JERUSALEM (Ma’an) — In July, an Israeli court sentenced a Palestinian, Sabar Kushur, to 18 months imprisonment for obtaining consensual sex by failing to reveal he was not a Jewish bachelor.
The Israeli weekly magazine HaIr on Friday published testimony given in court by the complainant.
Kushur was initially charged with rape by force, and the conviction of “rape by deceit” was a plea bargain formulated and agreed to by the prosecution and defense. According to the report in HaIr, Kushur’s lawyers initiated the “rape by deceit” charge.
After the conviction, Israeli press reports on the court’s verdict were quickly picked up by the international media, which cited the court’s decision as an example of discrimination against Israel’s Arab citizens.
According to the woman’s testimony in court, declassified at the request of HaIr, Kashur brutally raped her and left her half naked, bleeding and beaten in a stairwell.
She told the court “he said that if I stay silent and I don’t resist, then it would end faster and it wouldn’t be like, he wouldn’t use force. I still resisted him and it was forced,” HaIr reported.
Immediately after the incident she was taken by ambulance to Shaarei Tzedek Hospital, her testimony said, and from there she was taken to Kfar Shaul psychiatric hospital, the report said.
In her testimony, the woman clarified that she was taken to Kfar Shaul because the hospital had a ward for women who had been sexually abused, HaIr said.
According to the report, the initial rape charge was reduced to “rape by deceit” to avoid further traumatizing the woman, who had come under aggressive questioning about her history of being sexually abused, and her former occupation as a sex worker.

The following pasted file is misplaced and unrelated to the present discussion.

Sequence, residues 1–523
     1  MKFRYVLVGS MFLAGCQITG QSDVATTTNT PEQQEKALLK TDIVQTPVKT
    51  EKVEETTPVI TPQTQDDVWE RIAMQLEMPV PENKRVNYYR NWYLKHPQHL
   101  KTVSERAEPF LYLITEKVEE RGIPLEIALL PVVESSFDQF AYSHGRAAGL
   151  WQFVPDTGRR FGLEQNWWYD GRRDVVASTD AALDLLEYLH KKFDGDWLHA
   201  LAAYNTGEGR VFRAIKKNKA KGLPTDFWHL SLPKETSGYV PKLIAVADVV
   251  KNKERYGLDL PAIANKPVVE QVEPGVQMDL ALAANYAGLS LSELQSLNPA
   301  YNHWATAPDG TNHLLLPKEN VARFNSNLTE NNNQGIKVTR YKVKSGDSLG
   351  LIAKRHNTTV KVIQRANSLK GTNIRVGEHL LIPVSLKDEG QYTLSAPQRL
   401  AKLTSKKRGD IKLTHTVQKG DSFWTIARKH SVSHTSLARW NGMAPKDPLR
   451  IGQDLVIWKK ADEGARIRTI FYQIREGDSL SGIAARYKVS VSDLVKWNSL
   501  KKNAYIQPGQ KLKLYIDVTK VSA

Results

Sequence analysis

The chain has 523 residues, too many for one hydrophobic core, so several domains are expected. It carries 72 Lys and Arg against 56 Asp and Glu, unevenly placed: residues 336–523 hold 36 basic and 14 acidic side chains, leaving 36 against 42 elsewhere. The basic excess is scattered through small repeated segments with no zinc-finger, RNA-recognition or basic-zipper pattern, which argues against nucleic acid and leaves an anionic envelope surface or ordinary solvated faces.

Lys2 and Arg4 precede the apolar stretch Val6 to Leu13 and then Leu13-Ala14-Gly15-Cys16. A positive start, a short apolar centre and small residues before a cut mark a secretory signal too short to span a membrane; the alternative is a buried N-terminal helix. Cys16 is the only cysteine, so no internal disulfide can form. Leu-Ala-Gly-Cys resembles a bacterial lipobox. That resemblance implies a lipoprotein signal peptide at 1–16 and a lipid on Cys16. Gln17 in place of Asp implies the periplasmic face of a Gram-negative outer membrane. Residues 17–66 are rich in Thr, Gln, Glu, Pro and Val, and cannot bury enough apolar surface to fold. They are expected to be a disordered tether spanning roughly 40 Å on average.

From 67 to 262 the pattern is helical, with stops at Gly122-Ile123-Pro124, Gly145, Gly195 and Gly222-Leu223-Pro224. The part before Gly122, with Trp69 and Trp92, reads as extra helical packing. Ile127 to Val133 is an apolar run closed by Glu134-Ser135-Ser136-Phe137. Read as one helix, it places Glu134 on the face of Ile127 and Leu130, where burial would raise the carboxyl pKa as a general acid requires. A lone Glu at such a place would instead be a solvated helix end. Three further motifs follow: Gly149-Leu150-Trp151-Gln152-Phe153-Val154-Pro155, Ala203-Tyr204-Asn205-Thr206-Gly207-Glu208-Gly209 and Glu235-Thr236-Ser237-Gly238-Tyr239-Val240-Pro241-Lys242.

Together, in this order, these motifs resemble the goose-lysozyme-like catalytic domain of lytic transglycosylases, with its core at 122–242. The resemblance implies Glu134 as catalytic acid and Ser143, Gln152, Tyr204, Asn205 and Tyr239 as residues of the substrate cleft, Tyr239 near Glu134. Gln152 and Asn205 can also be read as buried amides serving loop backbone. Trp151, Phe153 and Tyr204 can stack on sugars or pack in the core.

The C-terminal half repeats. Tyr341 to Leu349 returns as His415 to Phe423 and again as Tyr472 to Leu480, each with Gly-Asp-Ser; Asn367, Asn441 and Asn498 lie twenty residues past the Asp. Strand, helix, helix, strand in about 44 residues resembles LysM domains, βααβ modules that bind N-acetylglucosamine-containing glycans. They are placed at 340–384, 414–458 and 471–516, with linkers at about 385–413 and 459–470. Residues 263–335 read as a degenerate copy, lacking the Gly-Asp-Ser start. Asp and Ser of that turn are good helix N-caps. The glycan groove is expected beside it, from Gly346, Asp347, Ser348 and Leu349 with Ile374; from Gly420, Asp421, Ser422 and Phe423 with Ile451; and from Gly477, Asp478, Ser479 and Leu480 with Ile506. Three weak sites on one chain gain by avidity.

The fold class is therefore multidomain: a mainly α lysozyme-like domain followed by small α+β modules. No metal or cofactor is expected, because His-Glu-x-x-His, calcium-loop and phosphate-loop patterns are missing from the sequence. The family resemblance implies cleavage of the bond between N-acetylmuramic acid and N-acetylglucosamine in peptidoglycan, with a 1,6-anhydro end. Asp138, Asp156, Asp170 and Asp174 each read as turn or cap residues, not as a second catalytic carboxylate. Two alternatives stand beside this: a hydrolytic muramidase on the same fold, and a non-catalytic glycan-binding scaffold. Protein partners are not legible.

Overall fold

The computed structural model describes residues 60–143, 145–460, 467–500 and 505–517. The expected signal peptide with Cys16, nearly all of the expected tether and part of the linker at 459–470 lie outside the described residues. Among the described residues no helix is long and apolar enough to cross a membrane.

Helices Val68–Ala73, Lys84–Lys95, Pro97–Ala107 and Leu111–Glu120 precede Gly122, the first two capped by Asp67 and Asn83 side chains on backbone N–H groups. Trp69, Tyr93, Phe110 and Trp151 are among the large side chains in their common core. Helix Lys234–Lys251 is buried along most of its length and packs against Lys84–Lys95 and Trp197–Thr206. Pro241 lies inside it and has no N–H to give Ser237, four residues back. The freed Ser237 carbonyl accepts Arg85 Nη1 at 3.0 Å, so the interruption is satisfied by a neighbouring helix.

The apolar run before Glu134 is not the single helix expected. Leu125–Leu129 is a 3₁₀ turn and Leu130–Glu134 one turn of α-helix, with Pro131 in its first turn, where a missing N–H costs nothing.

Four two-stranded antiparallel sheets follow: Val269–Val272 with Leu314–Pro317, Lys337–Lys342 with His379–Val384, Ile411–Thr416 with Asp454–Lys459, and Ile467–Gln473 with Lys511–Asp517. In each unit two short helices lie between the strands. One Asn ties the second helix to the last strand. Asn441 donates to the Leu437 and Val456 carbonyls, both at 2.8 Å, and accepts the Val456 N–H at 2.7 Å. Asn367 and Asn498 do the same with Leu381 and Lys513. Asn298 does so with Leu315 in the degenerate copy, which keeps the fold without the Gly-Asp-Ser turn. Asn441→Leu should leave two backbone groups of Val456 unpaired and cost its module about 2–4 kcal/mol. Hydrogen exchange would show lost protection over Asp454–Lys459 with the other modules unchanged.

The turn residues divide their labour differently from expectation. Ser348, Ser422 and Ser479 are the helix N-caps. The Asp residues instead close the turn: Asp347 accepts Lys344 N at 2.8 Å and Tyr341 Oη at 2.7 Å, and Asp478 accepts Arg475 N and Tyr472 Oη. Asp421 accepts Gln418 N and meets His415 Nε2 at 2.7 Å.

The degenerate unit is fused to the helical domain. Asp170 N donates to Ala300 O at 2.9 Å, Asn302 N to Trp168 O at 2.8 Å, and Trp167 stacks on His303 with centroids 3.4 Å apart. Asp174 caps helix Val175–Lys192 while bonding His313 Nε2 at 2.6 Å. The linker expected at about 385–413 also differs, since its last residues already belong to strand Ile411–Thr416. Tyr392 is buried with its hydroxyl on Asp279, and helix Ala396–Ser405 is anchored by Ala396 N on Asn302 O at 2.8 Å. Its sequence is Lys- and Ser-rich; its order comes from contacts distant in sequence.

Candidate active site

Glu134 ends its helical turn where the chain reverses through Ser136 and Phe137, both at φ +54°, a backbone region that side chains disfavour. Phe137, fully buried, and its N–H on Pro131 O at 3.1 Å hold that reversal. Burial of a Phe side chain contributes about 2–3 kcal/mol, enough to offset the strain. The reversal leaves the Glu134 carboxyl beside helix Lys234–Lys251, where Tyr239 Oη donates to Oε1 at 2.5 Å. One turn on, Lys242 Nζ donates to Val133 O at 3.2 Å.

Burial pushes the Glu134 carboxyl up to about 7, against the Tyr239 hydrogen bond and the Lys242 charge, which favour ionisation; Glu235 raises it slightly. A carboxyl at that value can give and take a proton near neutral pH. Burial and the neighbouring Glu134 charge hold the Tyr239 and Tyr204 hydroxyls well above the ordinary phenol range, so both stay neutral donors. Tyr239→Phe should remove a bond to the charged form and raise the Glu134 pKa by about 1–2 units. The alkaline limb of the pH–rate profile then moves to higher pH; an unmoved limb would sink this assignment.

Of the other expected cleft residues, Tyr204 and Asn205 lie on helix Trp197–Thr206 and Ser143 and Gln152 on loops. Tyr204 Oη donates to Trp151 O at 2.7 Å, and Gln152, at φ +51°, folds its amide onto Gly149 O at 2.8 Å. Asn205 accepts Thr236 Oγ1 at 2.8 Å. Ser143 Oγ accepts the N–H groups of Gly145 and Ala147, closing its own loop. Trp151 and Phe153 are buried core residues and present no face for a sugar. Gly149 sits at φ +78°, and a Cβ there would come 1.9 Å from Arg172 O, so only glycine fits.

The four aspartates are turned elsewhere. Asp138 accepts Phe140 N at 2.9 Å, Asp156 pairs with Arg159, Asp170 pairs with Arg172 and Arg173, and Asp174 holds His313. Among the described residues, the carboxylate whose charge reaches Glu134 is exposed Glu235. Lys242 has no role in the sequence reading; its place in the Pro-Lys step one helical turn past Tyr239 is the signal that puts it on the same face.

The defense had demanded the woman testified again against previous complaints she had made, some of which had led to indictments. To avoid putting the woman on the stand again, the prosecutor agreed to the defense lawyer’s suggestion of a plea bargain, he told Ha’Ir.
The testimony sharply contradicted media reporting of the incident.
Following his conviction, Saber Kushur was interviewed on television, radio, and by several publications.
In an interview with the British newspaper The Observer, the interviewer reflected that the incident did not cast either party in a favourable light, and in a blog post on the website of sister publication The Guardian described the charge as a case of revenge by a lover.
The incident was variously referred to as a “casual fling,” a “brief encounter,” an “afternoon quickie,” and a “quickie on the roof of a nearby office block.”
Journalists also speculated that by having sex with a stranger the woman may not have sent “the right message.”
A reporter blogging on the website of the Qatar-based TV network Al-Jazeera suggested the woman had reported the rape when she realized Kushur was “never going to call her” and she “wasn’t the woman of his dreams.”
Commenting on reporting of the verdict, Tel Aviv-based journalist Lisa Goldman noted that not all the information was available to journalists at the time, as the court documents were sealed.
HaIr’s request for the court documents, however, was made through standard legal channels and was granted in one day, she said.
In a polarized society, there is a tendency to “judge situations according to political ideology” without thorough examination, Goldman added.
Ten days after the verdict, Kushur’s defense appealed to the High Court for an acquittal, arguing that “the facts described in the updated indictment shouldn’t result in charges of rape by deception.”
The Supreme Court has yet to set a date for Kushur’s appeal, but agreed to delay his sentence and eased his remand conditions.
A spokesman for the Justice Ministry responded that the prosecution was “especially surprised” by the appeal for acquittal, given that the charge was the basis of the plea bargain the defense formulated with the prosecution and signed, HaIr reported.